Environmental Allergies and Children

ATsai Editor
  • Allergies can affect anyone, including children, which can become a problem at home and school. We asked Dr. James Thompson, a board-certified asthma and allergy specialist in Chicago, to share his recommendations on how best to minimize and control environmental allergies in kids.


    Q: What are the most common environmental allergens for kids?


    A: Generally, it depends on the age of the child. If we’re talking about infants and toddlers, there are a smaller number of allergy triggers. When you’re talking about older children, school-age and above, then it pretty much mimics adults. So for children ages one to five, the most common allergens are dust mites, pets, indoor and outdoor mold spores and outdoor pollens. And if we’re talking about inner-city children, cockroaches and mice can be a major factor too.

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    Q: What are the most common symptoms a parent should look for?


    A: They are pretty similar to what you find in adults. The children have runny noses, itching, sneezing, eyes itching and watering and some persistent coughs. In children, we are also very observant of rashes because sometimes they are the manifestation of allergies. Food allergies get a lot of the blame for eczema, but sometimes there are environmental factors.  So for people who have eczema we usually do dust mite control and limit contact with pets.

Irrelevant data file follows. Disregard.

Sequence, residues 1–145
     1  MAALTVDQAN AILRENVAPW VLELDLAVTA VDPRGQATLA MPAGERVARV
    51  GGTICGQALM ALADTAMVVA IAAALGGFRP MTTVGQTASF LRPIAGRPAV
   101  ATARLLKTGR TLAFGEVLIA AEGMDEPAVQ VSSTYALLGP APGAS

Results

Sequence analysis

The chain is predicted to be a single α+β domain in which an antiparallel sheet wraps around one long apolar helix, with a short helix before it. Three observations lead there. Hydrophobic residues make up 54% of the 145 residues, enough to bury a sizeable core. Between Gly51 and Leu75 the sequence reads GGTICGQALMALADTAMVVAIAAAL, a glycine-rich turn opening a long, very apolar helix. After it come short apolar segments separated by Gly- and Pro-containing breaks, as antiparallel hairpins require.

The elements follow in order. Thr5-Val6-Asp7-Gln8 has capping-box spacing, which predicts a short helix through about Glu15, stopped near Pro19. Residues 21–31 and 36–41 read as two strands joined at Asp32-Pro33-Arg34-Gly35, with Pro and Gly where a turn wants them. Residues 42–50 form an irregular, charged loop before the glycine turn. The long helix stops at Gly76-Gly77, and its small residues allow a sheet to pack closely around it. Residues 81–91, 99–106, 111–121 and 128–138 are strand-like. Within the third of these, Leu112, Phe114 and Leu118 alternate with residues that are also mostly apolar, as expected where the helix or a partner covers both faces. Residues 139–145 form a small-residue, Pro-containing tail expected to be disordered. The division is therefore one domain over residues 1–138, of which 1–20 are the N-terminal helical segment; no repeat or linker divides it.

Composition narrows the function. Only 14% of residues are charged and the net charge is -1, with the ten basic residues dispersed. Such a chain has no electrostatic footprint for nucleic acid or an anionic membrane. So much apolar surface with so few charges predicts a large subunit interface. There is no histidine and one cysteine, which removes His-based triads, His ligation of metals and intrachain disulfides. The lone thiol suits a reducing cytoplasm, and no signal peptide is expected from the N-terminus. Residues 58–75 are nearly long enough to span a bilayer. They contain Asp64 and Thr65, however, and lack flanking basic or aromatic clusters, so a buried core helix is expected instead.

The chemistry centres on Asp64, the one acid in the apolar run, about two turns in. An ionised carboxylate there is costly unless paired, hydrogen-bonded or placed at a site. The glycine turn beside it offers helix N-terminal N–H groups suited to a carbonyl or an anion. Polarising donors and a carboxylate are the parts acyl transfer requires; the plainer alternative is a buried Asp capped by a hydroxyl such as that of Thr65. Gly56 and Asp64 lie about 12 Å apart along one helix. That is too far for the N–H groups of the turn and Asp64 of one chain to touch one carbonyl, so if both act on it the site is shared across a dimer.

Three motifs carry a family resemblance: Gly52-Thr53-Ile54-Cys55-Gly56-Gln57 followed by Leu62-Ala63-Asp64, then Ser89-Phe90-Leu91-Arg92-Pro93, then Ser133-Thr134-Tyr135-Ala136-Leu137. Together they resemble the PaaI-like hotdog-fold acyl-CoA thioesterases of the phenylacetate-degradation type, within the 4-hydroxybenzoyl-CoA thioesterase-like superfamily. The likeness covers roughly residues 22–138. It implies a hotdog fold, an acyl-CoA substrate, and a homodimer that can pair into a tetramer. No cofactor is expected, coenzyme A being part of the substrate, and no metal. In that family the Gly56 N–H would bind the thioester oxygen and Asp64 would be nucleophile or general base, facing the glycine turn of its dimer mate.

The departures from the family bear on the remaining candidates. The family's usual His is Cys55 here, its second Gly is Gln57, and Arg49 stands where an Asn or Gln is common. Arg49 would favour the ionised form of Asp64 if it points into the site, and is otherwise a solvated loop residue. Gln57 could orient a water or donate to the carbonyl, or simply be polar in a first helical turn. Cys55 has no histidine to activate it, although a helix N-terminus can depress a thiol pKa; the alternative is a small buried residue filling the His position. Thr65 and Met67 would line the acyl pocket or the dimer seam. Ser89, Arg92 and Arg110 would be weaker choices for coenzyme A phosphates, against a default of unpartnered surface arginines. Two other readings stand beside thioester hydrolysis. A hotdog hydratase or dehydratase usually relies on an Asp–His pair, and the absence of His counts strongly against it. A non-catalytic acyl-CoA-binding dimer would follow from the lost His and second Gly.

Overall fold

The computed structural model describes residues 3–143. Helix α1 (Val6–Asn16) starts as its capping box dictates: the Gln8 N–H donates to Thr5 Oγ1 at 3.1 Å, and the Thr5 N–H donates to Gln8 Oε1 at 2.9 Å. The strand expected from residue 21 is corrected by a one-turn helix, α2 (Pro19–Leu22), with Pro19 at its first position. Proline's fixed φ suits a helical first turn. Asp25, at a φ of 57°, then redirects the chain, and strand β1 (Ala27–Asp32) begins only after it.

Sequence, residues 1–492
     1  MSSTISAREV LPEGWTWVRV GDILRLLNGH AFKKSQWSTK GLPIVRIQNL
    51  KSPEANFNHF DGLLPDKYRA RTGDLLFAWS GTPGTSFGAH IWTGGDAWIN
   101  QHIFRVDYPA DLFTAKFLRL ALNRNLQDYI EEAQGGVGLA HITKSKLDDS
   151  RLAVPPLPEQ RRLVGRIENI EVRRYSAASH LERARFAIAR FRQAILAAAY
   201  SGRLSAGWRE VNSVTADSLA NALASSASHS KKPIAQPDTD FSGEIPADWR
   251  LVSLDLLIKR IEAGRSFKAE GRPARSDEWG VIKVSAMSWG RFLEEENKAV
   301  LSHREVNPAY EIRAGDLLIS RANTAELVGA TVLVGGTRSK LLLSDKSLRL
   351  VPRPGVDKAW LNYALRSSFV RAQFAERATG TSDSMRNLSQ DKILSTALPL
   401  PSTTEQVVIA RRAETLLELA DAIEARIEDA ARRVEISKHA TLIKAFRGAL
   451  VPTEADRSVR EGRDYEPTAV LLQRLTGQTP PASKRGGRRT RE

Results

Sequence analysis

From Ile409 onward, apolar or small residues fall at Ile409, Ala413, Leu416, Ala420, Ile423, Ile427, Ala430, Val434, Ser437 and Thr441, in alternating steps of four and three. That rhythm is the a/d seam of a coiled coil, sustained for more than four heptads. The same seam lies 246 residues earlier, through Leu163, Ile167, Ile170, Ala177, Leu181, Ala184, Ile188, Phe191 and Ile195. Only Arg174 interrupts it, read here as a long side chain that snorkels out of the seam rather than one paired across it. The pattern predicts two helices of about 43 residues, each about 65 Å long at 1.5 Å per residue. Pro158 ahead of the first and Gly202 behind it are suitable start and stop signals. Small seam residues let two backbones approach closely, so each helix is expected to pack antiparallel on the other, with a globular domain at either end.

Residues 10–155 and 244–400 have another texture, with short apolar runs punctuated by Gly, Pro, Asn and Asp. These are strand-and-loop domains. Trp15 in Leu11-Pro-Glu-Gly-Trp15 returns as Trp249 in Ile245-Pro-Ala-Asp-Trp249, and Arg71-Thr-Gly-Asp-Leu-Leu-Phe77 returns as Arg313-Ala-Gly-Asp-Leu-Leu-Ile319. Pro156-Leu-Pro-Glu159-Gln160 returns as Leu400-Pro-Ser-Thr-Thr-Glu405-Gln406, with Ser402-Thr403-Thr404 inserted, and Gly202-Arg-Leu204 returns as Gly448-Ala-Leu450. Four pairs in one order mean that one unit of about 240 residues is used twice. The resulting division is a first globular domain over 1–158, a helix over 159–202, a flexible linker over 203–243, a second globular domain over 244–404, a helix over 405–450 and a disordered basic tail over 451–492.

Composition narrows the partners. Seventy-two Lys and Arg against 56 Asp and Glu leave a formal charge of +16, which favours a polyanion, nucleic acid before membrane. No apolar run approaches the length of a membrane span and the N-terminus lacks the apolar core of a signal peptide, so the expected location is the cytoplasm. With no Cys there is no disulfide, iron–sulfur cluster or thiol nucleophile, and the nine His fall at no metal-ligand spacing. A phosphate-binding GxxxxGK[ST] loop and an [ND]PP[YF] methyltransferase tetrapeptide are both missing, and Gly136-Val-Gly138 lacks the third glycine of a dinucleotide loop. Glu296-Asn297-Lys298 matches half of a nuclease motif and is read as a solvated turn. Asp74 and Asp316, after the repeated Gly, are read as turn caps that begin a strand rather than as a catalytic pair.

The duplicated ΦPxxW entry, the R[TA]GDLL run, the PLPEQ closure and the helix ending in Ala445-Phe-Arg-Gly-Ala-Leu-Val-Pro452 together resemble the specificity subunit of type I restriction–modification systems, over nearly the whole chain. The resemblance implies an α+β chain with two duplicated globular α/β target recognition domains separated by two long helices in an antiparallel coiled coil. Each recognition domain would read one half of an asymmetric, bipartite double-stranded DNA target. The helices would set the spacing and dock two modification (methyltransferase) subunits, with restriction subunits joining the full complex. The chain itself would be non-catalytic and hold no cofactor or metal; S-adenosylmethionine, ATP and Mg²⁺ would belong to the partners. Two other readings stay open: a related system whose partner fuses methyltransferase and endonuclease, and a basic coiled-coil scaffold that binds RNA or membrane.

Usually parents ask, “Is it a cold or is it allergies?” One thing we tell parents is that if their child has persistent symptoms that last more than two weeks, it likely is allergies because a cold doesn’t last that long.  If a parent comes in and says their child has had a runny nose for three weeks or four months, then I know it’s not a cold.  Now, I can’t be sure it’s allergies because other things can last several weeks, too. They may have an infection. That’s why the physical exam is important and asking if they have a fever.  Even though people still refer to “hay fever” to describe allergies, fever is not a common component of allergies. But if you have several weeks of runny nose, itching or sneezing, we usually suspect an allergy trigger, particularly in children.


    Q: How can you minimize allergy triggers in the home?


    A: Allergists first want to identify what a patient’s triggers are. This requires getting a thorough history and testing to determine if they have seasonal or year-round allergies. If we know a trigger is tree or grass pollen, it might not be a good idea for your child to hang out on the front porch when the neighbor cuts the grass.  Also, there are certain times when tree pollens and grass pollens are more prevalent, and you’ll want your child to try to avoid those peak times of exposure.


    For indoor triggers, the same environmental controls that are recommended for older children and adults would apply to young children. Dust mites are a big indoor trigger, and for children who have perennial allergic rhinitis, we focus heavily on dust mites, especially if their skin tests show they are allergic to them.  Trying to reduce mold in the home is also crucial. All homes have some mold, but places that have water damage or leaks in their foundation or a history of flooding or moist crawl spaces tend to have more mold. To help eliminate mold, you can take such steps as putting a dehumidifier in the basement, making sure that pipes are fixed and that any leaks in the foundation are repaired so that mold doesn’t have humidity on which to feed.